Men’s Shrinking Underwear A Growing Industry
It seems like innerwear is no longer a thing only women care about, as latest data from yStats.com show how the men’s underwear sector is boosting sales growth in the overall underwear industry in the United States, together with lingerie for women aged 45 and up. Men are even more conscious of their options, as many of them indicated a willingness to pay more for underwear made of natural fabrics rather than synthetics.
In the global sphere, emerging markets continue to pave the way for the expansion of the underwear industry, as consumers with growing incomes increase their spending on this clothing category. Luxury underwear is one of the fastest growing segments in Europe, while functional underwear is what sells in China and Japan.
But together with the expansion of the industry is the shrinking of what is considered as fashionable men’s underwear. “We’re seeing a movement away from the wear-your-pants-down-to-your-knees look, and that’s also changing the way in which guys are looking at what they’re wearing, so they’re starting to wear slimmer, trimmer undergarments,” said Marshal Cohen, chief retail analyst for The NPD Group.
One of the most popular style these days is the boxer brief — an underwear that has the length of traditional boxers but fits snugly like briefs — which represents nearly 40 percent of the whole men’s underwear market. It has steadily gained over the past couple of years, followed by briefs, which grew 23 percent from 2013 to 2014. Though still considered as the most popular style, loose-fitting boxer shorts declined 14 percent over the same period.
The tighter and slimmer underwear trend pretty much follows the comeback of the tighter-fitting pants and jeans for men, which made their mark in the 1960s. Men’s skinny bottoms grew 11 percent, while looser and more relaxed fitting styles reminiscent of the ’90s all experienced declines.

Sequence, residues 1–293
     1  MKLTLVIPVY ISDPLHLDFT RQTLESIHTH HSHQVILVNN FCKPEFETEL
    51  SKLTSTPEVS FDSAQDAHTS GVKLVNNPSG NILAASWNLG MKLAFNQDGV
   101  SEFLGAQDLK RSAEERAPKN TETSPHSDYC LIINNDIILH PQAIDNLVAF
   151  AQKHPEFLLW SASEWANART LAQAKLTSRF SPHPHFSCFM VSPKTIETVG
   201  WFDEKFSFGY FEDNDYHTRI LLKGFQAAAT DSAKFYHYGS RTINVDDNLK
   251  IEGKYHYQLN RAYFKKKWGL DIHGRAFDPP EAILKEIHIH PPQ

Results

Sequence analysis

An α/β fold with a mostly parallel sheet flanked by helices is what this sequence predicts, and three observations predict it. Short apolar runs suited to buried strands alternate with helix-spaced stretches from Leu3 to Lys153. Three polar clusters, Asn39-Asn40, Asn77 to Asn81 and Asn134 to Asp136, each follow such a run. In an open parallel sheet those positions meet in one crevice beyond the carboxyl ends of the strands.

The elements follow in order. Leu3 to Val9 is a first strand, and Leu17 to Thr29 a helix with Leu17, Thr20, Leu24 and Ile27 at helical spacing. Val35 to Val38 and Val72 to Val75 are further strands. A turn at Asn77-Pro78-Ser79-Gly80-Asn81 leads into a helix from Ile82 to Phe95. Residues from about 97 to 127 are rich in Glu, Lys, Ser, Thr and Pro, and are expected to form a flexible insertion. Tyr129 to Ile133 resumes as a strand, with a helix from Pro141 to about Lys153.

One of the possible reasons for this shift towards snug-fitting bottoms is the fact that men are now buying their own undergarments. In the ’70s, only 25 percent of all men’s underwear was purchased by men, as majority of their underwear was bought for them by their wives, mothers, or girlfriends. Fast forward to the 21st century, and 75 percent of all men’s underwear is now bought by men. “They’re no longer just accepting what was bought for them, but they are actually making choices,” Cohen said.
Apparel brands are quick to notice how men have become savvy underwear shoppers over the years. For instance, Levi Strauss & Co. and Lacoste both successfully launched their men’s underwear line last year to be able to corner a share of the market. Germany-based Otto Group launched underwear brand a year earlier online in November 2013, according to yStats.com.
Choices for men’s underwear are more varied than ever, not just in terms of style but even in terms of fabrics and colors used. For instance, Canadian luxury underwear company Naked Brand Group Inc. offers a wide variety of product lines geared towards the varied lifestyles of its users. One product line from the company, the Active Collection, makes use of moisture-wicking microfiber fabric, enabling the user to stay dry and comfortable even while doing physical and athletic activities. Those who don’t want to depart from the basic cotton underwear can choose the Essential Collection, which is made from ultra-soft cotton stretch fabric designed for ultimate comfort. Available in four colors, Naked Brand’s underwear also comes in three styles—briefs, boxer briefs, and trunks.
Similarly, there are many underwear businesses that offer products with special features, including odor and temperature control. According to Cohen, “With smarter fabrics and more clever technology, the underwear market is evolving. Even if men any or all of these more advanced features, they still take comfort in the fact that they have them, a mentality that designers and retailers should keep in mind. These features, which bring comfort and confidence, put men’s underwear right in line with other fashion products now.”